powerlines and power line tower


Estimates indicate that Nova Scotia will more than double electricity generation by 2050. The heating and cooling of buildings, increased use of data stored in the “cloud”, and growing interest in electric vehicles are just a few examples of why demand will rise. This awareness compels the Ecology Action Centre (EAC) to explore options for clean, reliable and affordable energy. We must prevent further damage to our shared environment.   

Fortunately, opportunities exist that point the way toward a more energy efficient future. 

Coal Phase-Out

Coal Phase-Out

Our 2019 report Accelerating the Coal Phase Out: Nova Scotia and the Climate Emergency charts the path for a low-carbon electricity system in Nova Scotia. It proposes a scenario that leads to 90 per cent renewable electricity, a complete phase-out of coal power, and significant increases in energy efficiency and electric transportation – all by the year 2030. This report is the first of its kind in Atlantic Canada and demonstrates that phasing out coal in Nova Scotia is possible, timely, and necessary.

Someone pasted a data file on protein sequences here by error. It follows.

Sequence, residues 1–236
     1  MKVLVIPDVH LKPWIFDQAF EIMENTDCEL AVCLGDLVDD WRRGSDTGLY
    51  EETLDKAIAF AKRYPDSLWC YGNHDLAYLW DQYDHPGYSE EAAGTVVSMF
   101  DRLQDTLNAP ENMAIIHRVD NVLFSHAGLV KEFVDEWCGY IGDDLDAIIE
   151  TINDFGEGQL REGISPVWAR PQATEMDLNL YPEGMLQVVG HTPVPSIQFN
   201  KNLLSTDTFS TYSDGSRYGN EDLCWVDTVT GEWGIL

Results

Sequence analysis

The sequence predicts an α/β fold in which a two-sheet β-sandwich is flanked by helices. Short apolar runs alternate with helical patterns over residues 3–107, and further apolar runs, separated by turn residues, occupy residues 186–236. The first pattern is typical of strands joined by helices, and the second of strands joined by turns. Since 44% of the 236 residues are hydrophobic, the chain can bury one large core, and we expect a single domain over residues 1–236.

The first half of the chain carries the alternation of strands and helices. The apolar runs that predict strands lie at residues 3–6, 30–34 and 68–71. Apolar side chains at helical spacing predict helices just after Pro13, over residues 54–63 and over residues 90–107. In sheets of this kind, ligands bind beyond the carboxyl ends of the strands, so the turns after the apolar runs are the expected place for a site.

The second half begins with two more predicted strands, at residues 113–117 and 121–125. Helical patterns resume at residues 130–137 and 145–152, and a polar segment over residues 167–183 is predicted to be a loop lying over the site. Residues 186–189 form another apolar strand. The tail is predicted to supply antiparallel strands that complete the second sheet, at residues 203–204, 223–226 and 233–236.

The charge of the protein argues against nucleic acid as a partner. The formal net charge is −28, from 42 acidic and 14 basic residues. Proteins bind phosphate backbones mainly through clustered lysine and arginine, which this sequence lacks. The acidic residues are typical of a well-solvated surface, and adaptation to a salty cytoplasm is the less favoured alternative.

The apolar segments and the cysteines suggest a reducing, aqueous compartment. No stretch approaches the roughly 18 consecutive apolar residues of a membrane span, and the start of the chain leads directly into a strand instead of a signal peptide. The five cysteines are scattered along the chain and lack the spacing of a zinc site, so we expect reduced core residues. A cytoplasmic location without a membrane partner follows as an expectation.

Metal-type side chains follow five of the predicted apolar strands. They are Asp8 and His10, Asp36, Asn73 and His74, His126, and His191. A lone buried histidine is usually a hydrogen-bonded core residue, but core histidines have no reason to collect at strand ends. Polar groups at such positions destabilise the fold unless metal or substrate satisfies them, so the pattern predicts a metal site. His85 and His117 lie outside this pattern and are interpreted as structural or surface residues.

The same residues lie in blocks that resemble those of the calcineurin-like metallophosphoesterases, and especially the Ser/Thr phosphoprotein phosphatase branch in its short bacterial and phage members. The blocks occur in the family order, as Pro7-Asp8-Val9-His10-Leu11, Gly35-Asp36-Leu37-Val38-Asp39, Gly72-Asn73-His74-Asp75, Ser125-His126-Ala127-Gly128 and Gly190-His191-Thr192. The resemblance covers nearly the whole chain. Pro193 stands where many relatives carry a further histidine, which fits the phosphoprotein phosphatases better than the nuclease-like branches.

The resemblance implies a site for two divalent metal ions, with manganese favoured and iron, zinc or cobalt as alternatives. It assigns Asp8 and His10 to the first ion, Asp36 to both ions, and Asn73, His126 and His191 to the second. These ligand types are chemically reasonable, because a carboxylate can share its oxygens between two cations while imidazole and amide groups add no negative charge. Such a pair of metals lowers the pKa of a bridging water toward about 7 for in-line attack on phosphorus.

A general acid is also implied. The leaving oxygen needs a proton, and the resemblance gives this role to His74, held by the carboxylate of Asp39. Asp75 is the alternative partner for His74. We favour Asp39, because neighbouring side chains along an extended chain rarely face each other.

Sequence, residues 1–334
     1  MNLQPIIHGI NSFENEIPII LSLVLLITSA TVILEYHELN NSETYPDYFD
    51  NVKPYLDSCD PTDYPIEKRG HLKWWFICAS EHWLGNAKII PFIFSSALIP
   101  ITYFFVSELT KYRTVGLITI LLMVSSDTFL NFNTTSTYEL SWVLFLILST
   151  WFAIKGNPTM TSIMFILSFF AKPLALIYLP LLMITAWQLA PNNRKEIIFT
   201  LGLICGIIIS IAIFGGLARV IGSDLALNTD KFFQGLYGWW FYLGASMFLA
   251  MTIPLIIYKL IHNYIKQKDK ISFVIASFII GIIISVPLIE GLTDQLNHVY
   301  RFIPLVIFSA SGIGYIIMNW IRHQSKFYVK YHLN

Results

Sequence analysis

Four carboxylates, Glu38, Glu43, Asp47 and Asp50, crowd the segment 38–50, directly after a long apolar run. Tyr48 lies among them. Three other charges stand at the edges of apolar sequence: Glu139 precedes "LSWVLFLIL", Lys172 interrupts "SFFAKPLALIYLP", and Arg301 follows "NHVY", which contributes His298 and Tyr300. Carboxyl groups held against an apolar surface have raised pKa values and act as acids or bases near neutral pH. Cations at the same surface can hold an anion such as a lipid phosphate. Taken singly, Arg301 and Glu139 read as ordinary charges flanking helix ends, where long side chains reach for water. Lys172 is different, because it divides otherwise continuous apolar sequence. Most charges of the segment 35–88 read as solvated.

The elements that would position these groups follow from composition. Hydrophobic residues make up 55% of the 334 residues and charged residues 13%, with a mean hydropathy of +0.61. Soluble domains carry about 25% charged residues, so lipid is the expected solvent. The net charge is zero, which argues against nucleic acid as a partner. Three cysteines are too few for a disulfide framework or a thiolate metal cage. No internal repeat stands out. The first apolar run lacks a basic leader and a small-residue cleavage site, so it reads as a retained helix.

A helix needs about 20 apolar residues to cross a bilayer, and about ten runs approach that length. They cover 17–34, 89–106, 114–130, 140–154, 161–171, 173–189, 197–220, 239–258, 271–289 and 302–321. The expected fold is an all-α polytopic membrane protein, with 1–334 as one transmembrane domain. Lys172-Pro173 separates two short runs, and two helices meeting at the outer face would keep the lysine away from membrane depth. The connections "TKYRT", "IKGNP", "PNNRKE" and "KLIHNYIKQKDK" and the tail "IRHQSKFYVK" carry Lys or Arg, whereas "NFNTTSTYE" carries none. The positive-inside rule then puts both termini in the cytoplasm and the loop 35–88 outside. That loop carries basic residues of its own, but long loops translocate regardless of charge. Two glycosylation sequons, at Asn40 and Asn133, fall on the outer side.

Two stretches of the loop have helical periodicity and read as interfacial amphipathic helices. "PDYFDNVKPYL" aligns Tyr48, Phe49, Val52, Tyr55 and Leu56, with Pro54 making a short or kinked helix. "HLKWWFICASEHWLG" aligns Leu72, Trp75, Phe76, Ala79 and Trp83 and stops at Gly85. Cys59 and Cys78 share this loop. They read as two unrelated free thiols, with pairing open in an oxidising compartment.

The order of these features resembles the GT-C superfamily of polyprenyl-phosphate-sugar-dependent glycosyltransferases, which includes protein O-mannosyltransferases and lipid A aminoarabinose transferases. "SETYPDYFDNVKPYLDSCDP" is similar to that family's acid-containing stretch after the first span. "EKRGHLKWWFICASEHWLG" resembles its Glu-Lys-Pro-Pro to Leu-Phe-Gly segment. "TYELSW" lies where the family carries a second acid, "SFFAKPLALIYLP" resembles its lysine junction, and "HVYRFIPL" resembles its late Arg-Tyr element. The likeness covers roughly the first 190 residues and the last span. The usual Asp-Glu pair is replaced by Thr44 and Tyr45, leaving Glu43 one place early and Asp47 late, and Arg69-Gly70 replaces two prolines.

• This report is an extensive technical and modelling exercise for what an electricity grid with more than 90 per cent renewable electricity, and a complete transition away from coal-fired electricity generation by 2030 would look like in Nova Scotia.  

  • The proposed pathway would lead to significant overall greenhouse gas emissions reductions - more than 69 per cent below 2005 levels by 2030 or a provincial total of about 7.3 million tonnes.